As the months passed, the search moved to Pisces, Aries, and on to Taurus. Tombaugh had developed a routine of taking three plates of an area of sky over the span of a week. His plates often had 50,000 or more stars on them, which was daunting enough, but his search was approaching the Milky Way, where each plate could have as many 300,000 stars.

The large number of stars on each plate made them harder to examine, and he soon fell behind on his examinations. Plates taken of Gemini on January 21st, 23rd, and 29th were not examined until mid-February.

On the afternoon of February 18 Tombaugh found an object on the plates that had moved. He quickly realized that is was not an asteroid or a comet, and it had moved a distance that an object about 40 AUs from the Sun would move in a week. He had found his planet, remarkably close to where Percival Lowell predicted it would be found.

Tombaugh went out that night to photograph the area again, but suffered the frustration of all visual astronomers, clouds. The next night the observatory finally took photos of the area, and the planet moved exactly the distance it should have in three weeks. A few more weeks of observations confirmed Tombaugh had found a planet beyond Neptune, and the discovery was announced to the world on March 13, 1930.

The name Pluto was first suggested by Venetia Burney, an 11-year old English girl. It was an appropriate name for many reasons. It fit with an unofficial convention of planets having a name of a Roman God, Pluto being the Roman God of the underworld, and the first two letters were PL, the initials of the Planet X crusader, Percival Lowell. It was officially named Pluto on May 1, 1930.

At first it was thought that Pluto had a mass slightly more than Earth. Over the decades the estimate was constantly reduced, and now it is thought that Pluto has a mass about two-tenths of one percent of Earth. It has a diameter of about 2,400 km, making it smaller than Mercury and many moons of other planets.

Pluto’s small size cast doubt on it being Planet X. Tombaugh defended it as Planet X by pointing out it was discovered near where Lowell predicted it would be, and the actual orbit of the planet is close to the predicted orbit of Planet X.

Pluto is almost certainly not Planet X. It is far to small to have the effects on Uranus and Neptune that Planet X was claimed to have. It has a highly elliptical orbit that is well off the orbital plane of all other planets. It is just a pure coincidence that Pluto was discovered near the predicted location of Lowell’s Planet X, at a time in Pluto’s orbit brought it close to the orbital plane of the other planets.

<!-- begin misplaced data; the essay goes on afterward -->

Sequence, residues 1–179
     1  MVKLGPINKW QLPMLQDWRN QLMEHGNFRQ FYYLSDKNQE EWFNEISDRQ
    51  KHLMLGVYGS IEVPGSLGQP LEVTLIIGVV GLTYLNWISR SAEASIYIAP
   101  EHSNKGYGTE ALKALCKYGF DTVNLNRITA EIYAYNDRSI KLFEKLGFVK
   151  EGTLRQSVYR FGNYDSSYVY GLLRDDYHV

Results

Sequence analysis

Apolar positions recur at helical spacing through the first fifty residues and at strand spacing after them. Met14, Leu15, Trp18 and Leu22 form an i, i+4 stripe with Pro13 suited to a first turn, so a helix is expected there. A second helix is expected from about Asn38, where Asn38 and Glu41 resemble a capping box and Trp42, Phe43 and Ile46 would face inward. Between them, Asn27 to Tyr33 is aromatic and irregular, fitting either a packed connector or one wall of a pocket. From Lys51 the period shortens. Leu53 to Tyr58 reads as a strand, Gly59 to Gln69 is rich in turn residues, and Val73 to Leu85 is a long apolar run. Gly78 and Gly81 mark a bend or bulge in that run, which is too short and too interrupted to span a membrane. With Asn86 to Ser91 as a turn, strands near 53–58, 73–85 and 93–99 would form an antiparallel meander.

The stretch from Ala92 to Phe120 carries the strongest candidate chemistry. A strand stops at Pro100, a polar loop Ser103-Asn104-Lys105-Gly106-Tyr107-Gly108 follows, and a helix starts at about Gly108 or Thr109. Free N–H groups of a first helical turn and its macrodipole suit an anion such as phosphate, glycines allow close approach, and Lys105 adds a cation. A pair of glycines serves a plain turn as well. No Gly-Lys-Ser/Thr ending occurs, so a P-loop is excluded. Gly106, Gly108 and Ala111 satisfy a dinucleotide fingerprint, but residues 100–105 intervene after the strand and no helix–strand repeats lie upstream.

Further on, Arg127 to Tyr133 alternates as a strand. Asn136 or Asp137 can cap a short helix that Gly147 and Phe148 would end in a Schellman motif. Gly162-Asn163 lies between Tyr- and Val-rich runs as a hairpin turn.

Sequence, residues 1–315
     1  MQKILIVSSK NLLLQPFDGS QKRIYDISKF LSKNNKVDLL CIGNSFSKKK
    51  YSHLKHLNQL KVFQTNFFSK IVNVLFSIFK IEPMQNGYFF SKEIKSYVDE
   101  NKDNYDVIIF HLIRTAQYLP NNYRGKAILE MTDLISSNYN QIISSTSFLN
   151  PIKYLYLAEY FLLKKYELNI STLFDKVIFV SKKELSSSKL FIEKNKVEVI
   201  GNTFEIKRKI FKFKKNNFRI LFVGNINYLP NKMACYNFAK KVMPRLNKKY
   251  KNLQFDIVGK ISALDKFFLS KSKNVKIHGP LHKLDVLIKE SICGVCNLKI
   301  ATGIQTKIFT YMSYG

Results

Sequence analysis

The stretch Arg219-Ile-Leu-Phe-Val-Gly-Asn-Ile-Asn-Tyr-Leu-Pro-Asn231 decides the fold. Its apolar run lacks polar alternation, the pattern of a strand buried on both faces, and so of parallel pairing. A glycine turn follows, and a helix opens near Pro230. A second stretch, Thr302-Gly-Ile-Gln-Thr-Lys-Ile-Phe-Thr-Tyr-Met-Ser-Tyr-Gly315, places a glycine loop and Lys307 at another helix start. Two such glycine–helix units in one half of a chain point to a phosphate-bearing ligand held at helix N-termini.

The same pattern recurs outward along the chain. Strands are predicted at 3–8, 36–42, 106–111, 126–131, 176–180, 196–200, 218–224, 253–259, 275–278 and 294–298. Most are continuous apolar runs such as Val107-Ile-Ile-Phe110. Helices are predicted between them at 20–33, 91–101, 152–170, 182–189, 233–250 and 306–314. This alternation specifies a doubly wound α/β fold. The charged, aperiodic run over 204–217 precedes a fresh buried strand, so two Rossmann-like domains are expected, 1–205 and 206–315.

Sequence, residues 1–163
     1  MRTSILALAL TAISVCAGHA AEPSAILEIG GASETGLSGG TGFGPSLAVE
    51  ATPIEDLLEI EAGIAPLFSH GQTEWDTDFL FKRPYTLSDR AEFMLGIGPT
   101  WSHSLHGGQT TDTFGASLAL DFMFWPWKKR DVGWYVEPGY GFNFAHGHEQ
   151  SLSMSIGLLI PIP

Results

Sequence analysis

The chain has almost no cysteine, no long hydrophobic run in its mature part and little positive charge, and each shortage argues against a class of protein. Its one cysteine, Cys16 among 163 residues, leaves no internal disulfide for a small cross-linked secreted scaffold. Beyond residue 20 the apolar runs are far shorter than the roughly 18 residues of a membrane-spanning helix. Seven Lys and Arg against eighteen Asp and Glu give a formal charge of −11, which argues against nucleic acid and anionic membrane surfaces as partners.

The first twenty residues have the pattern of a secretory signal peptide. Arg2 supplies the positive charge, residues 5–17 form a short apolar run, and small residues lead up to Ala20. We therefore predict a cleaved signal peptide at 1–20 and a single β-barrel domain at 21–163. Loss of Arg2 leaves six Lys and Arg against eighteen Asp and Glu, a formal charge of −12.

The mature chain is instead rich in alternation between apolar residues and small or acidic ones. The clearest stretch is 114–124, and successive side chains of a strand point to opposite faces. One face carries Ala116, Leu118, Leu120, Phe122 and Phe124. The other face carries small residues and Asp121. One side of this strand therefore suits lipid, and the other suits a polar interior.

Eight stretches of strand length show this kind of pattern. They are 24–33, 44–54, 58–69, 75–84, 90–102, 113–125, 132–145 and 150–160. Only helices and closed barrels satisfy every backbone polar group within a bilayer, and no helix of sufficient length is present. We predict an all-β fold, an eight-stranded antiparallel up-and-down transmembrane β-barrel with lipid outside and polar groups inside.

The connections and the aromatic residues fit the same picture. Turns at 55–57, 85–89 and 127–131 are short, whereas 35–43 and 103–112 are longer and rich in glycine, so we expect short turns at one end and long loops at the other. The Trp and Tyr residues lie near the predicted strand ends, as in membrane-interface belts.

As I’m sure most of you listening know, not only is Pluto not Planet X, it is not considered planet anything anymore. It was downgraded to the newly created category of dwarf planet in 2006. This caused a lot of popular uproar, at least in the United States, but not totally unexpected. Once the small size of Pluto had been established, there was a lot of discussion about the idea that Pluto should not be called a planet. There was a theory that maintained that Pluto was once a moon of Neptune that had somehow escaped from orbit. Discovery of other Kuiper Belt objects starting in the 1990s made this theory less likely, but put even bigger doubt on Pluto’s classification as a planet.

So what about those anomalies that were noticed in the orbits of Uranus and Neptune? There is still a small controversy over this. One explanation is that the anomalies were not really there and that they were just observational and calculation errors. Another theory says that a recalculation of the mass of Neptune explains the anomaly. Whatever the case, it removes the need for a Planet X, and most observations of the solar system past Neptune are focused on smaller Kuiper Belt objects, not the mysterious Planet X, though the search for it has not completely stopped. Recent doomsday talk concerning Planet X and the year 2012 is complete nonsense, unrelated to anything that even resembles reality, and is not taken seriously by any legitimate scientist.

As always, I welcome all feedback. I can be found at, or on Facebook. Thanks for listening.

End of podcast: